The Ministry of Finance is studying a plan to impose higher import tariffs on 900 commodities to narrow the trade deficit, after initially proposing a list of 500 earlier this month.
A detailed list of the commodities, compiled by the ministries of finance, industry and trade, is expected to be released in September.
Finance Minister Sri Mulyani Indrawati said the higher tariffs are meant for goods that can be produced locally.
She said that when it comes to setting higher import tariffs, the government would take into consideration rules and limitations set by the World Trade Organization, to avoid a backlash from trading partners.
"We know this may lead to international disputes, even though some developed countries have also taken steps to raise their tariffs. But we will try to handle the [possible] pressure without damaging our growth," Sri Mulyani told reporters in Jakarta on Monday (27/08).
The government is currently reviewing the list of commodities that can be produced locally, as it wants to impose higher tariffs to discourage imports to reduce a widening current-account deficit. Indonesia currently imposes between 2.5 percent and 10 percent import tax.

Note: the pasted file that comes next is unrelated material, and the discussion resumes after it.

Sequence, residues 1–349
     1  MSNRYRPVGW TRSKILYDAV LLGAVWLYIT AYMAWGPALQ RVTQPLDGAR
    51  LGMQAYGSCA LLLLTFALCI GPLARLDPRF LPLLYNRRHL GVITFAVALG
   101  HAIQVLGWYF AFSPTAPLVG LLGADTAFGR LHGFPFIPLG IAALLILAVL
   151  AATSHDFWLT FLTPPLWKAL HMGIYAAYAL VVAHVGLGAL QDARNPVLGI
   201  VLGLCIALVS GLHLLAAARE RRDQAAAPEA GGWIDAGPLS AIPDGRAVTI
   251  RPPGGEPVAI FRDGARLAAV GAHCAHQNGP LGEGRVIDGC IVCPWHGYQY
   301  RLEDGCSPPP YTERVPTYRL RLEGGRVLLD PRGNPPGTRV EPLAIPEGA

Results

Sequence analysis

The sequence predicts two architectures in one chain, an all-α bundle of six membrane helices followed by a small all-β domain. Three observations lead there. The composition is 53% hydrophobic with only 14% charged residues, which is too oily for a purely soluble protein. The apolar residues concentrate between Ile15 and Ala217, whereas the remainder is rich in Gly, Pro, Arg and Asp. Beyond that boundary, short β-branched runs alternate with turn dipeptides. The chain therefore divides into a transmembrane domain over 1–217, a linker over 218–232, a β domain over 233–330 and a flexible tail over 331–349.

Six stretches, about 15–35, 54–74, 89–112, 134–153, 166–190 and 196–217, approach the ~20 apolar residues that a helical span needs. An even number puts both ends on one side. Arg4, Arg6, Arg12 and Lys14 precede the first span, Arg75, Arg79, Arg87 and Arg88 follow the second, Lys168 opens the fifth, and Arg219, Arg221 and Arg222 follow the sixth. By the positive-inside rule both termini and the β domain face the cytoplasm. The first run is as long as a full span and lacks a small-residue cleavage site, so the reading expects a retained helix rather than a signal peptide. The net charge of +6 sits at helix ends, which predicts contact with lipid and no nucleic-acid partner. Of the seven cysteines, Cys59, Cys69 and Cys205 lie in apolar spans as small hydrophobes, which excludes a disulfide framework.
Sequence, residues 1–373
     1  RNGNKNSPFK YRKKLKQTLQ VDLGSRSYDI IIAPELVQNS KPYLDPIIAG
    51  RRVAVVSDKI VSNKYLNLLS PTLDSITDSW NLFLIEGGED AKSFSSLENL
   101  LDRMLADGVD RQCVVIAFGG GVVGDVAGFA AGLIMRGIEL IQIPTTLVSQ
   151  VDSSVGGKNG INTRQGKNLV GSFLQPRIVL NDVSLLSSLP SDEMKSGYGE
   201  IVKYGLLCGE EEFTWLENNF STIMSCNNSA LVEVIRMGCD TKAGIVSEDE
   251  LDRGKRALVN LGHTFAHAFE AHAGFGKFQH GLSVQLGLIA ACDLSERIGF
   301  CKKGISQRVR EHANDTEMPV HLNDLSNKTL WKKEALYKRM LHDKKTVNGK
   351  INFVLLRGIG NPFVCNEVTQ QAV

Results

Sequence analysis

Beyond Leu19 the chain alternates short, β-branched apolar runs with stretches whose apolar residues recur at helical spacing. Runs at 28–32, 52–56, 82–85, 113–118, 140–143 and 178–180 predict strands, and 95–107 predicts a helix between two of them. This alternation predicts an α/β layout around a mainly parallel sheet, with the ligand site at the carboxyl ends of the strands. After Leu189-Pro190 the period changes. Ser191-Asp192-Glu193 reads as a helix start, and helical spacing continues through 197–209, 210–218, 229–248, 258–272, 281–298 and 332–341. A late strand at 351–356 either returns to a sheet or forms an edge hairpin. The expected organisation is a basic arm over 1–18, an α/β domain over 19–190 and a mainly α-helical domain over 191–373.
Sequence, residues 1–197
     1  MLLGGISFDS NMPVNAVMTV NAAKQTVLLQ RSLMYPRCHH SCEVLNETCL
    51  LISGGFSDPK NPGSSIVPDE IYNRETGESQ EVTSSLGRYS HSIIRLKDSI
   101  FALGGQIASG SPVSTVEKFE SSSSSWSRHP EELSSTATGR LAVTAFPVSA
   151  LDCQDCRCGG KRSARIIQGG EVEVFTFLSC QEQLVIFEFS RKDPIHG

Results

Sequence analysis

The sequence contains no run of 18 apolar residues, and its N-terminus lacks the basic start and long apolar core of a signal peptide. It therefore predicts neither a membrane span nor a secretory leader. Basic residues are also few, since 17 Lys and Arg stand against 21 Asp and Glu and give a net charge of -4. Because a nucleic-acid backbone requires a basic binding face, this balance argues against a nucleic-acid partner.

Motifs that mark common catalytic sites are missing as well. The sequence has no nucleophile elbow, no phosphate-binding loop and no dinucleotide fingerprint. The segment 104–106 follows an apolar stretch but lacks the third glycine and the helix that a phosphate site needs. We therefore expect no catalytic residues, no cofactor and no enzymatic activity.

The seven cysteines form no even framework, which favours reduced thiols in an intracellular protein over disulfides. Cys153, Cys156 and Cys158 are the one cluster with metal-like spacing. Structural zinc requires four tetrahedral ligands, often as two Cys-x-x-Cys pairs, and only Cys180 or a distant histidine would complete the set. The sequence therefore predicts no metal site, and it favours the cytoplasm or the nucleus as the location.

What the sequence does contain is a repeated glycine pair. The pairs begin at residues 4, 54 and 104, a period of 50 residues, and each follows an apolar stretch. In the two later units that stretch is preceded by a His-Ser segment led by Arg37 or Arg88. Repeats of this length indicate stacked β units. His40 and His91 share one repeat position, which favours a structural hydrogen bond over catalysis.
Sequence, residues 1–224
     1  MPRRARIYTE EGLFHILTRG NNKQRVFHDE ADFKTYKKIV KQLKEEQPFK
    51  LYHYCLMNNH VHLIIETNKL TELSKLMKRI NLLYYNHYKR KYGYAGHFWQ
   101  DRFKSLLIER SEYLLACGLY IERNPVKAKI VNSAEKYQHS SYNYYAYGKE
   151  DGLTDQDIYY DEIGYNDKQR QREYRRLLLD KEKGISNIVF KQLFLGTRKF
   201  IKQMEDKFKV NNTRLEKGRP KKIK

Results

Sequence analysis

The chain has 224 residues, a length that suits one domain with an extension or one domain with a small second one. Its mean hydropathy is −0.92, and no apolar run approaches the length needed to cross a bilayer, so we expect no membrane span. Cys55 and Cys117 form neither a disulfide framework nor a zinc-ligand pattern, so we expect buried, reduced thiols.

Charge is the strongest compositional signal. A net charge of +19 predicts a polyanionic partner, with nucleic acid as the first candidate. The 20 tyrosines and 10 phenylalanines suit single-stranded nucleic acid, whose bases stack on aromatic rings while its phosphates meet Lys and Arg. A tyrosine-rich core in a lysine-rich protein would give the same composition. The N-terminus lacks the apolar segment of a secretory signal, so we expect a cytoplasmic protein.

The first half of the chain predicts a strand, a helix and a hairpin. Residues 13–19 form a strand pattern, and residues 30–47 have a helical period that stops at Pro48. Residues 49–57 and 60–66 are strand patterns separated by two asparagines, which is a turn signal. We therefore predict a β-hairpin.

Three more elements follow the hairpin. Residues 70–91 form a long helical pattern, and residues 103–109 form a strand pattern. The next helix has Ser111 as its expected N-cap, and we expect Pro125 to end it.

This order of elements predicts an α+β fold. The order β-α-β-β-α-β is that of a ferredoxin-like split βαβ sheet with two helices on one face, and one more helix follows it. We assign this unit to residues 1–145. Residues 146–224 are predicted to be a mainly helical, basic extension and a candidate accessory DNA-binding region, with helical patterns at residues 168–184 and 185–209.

Indonesia posted a 3 percent current-account deficit in the second quarter, while the trade deficit surged to a five-year high of $2.03 billion. A current-account deficit of less than 3 percent of gross domestic product is considered sustainable for the economy.
"The most important thing is that it does not affect investment or exports … so the impact will be small, or even positive for people," the minister said.
Benny Soetrisno, chairman of the Association of Indonesian Exporters (GPEI), said the government must be careful when raising tariffs on imports because it can lead to price increases and higher inflation as importers pass the additional costs on to consumers.
Higher prices of imported raw materials will also have a negative impact on domestic industries.
Benny said commodities likely to be included in the list are food products, such as rice, sugar, salt, animal products and packaged goods.
The government also plans to restrict imports of oil and gas, gas canisters used for subsidized gas distribution, cement, iron and steel, plastic raw materials, alcoholic beverages and cellular phones.
Shinta Widjaja Kamdani, deputy chairman of the Indonesian Chamber of Commerce of Industry (Kadin), echoed the warning that higher tariffs could negatively affect the country's growing manufacturing industry.
"Don't let this be counterproductive to the government's desire to boost high-value-added exports," Shinta said.